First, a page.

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High altitude furnace and water heater problem?


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OEII #069 (2015). Camping last night in Evergreen, CO (altitude of approx 7700 feet) ... pretty chilly this morning so turned the furnace on (its been working fine the past 6 days of our trip) ... fan kicked on, but then after a few minutes the heater failed to ignite and the fan shutoff.  Same with the water heater - doesn't seem to ignite.  I thought perhaps was out of propane but the stove works perfectly (indicating propane supply is ok) ... but, to be certain, I switched to the fresh #2 tank ... tried the furnace and water heater again with same result (not working).  Two possibilities now come to mind ... 1) high altitude is affecting the ignition of the units, or 2) traveling washboard gravel road in the Pawnee National Grasslands yesterday has rattled a connection (or two) loose.  Certainly not a life threatening concern, but a little inconvenience.  Anyone have any thoughts?  Thanks in advance. -Dan

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Another possibility could be that with the cold temp propane does not vaporize as fast.  Combine that with the altitude and ???  Having said this, I have never had an issue with altitude (up to 11,000 feet) nor cold (down to 28 degrees).  I have experienced a combination of altitude (roughly 8,000 feet) plus cold (about 28 degrees) and had no issues with the heater nor the fridge - sorry but I didn't use the water heater that time.

The first thing I would do at this point would be to use compressed air to blow out any dust/debris in the burner areas of both.  Also, you could try lighting them during the warmer part of the day to see if that was the issue.

Good luck.

Bill

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If the front of the trailer is not already facing south, shift it so the sun shines on the doghouse (to warm the bottles). You could even carefully put a small 110 volt electric box heater in there to assist. That might help. Does your range and fridge work on propane? If so, it is not a supply issue. The jets on both WH and furnace can be replaced with smaller ones to compensate for thinner air, but this shouldn’t be done if you will often be close to sea level. The standard 6 gallon Suburban WH jet can be replaced in half a minute, literally, it is held in with a spring clip. The furnace one requires a good bit of disassembly…..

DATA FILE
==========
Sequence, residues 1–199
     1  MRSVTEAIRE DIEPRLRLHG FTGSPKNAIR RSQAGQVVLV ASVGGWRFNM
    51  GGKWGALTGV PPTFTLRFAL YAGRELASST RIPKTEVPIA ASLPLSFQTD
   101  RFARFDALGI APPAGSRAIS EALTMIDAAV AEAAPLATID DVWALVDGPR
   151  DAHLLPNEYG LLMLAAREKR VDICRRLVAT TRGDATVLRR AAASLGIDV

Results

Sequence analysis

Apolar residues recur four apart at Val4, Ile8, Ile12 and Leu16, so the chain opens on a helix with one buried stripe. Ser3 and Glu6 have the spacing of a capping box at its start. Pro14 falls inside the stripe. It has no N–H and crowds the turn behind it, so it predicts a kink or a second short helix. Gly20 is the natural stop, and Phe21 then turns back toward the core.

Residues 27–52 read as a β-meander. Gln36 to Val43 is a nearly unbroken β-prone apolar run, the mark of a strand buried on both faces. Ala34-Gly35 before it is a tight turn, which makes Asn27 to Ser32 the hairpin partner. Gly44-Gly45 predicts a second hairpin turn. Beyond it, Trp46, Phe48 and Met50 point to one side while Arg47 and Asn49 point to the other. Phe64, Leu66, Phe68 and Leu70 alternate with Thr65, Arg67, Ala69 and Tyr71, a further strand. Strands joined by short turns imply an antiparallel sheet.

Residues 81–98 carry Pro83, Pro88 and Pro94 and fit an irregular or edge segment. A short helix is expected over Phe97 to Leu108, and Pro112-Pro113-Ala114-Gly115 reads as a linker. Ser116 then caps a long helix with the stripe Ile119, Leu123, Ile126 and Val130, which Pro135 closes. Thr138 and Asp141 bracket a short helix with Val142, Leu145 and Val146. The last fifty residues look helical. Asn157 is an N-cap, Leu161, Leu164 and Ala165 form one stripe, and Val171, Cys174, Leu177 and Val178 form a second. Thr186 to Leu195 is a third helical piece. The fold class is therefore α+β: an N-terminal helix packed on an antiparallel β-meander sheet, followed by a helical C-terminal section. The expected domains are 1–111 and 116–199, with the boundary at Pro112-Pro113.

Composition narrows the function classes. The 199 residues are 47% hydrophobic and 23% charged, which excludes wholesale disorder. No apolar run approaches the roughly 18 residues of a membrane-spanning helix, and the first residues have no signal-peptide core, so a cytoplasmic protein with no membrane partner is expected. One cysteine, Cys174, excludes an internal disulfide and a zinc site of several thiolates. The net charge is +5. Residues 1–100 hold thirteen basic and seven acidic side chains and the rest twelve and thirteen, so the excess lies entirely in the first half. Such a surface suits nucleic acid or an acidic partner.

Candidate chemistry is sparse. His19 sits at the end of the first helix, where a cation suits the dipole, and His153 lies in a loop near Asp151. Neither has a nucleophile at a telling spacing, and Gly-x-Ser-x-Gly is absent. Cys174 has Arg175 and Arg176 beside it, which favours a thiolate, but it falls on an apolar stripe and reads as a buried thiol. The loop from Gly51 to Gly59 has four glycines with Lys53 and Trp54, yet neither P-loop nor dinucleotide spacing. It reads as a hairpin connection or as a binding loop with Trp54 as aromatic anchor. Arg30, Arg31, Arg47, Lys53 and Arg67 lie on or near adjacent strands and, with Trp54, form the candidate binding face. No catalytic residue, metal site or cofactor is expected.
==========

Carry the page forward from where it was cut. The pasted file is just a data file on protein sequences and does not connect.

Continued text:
If the tank isn’t flowing gas at all, you could have a regulator issue, or you might want to buy one of these…. Powerblanket

John Davies

Spokane WA

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JD:  His stove is working perfectly.... not likely a tank or regulator problem.

Several days at altitude and the larger jets leads me to wonder if you have carbonized the igniter and possibly the burner tubes.  Look to see if there is a lot of carbon black in the area.  If so, brush and blow it out... of course with the propane turned off for safety.

GJ

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Hmmm? ... problem solved!  So, I determined it was not a propane issue as the gas stove was working fine.  Then I figured perhaps all the dust that was stirred up while traversing the Pawnee Grasslands gravel roads was a possibility.  I opened the hatch to the water heater and simply blew out the compartment (yeah, with my own mouth/breath) - then tested the water heater and it fired right up.  Then, blew out the intake/exhaust ports of the furnace. From there went inside, opened the access hatch to the furnace (curb side rear) and learned that it would be very difficult to do any disassembly given the cramped quarters in there ... but, for the heck of it, used some compressed air (in a can) and blew through several of the vented openings and into the collar where the wiring exits the box.  Viola! ... turned the thermostat switch back on and set the temp at 75 degrees ... fan kicked on (just like before) and a minute or so later the furnace fired up! Thanks guys for the thoughts and suggestions ... when I get back home will need to do a thorough cleaning and check everything closely.  Cheers! -Dan

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On 10/6/2021 at 11:29 AM, topgun2 said:

Another possibility could be that with the cold temp propane does not vaporize as fast.  Combine that with the altitude and ???  Having said this, I have never had an issue with altitude (up to 11,000 feet) nor cold (down to 28 degrees).  I have experienced a combination of altitude (roughly 8,000 feet) plus cold (about 28 degrees) and had no issues with the heater nor the fridge - sorry but I didn't use the water heater that time.

The first thing I would do at this point would be to use compressed air to blow out any dust/debris in the burner areas of both.  Also, you could try lighting them during the warmer part of the day to see if that was the issue.

Good luck.

Bill

Compressed air is your friend!

Just try to avoid directing the compressed air INTO the gas jet - that could make things much worse.

Bill 

2017 Ford F150 Lariat 3.5EB FX4 Max Towing 2016 Oliver Elite II - Hull #117 "Twist"

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